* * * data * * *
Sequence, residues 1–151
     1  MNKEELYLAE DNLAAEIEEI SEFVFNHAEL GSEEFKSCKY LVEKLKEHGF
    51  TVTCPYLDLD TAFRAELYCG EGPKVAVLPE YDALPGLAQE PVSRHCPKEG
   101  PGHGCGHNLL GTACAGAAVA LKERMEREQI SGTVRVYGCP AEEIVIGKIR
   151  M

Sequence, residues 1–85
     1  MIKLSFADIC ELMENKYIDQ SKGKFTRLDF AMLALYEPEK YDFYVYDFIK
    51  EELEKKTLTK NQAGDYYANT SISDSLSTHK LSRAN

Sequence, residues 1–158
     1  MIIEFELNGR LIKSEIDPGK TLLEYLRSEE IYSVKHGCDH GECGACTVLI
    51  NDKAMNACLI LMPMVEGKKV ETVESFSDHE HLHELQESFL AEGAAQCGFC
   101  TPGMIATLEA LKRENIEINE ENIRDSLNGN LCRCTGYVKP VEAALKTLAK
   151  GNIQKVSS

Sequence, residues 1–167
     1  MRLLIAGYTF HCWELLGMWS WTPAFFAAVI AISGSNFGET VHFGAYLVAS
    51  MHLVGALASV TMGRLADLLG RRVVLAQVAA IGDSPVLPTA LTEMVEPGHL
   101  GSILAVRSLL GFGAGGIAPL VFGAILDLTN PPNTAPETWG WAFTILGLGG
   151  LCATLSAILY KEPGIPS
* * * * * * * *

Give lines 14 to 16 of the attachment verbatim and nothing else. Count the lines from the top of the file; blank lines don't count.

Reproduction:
Sequence, residues 1–167
     1  MRLLIAGYTF HCWELLGMWS WTPAFFAAVI AISGSNFGET VHFGAYLVAS
    51  MHLVGALASV TMGRLADLLG RRVVLAQVAA IGDSPVLPTA LTEMVEPGHL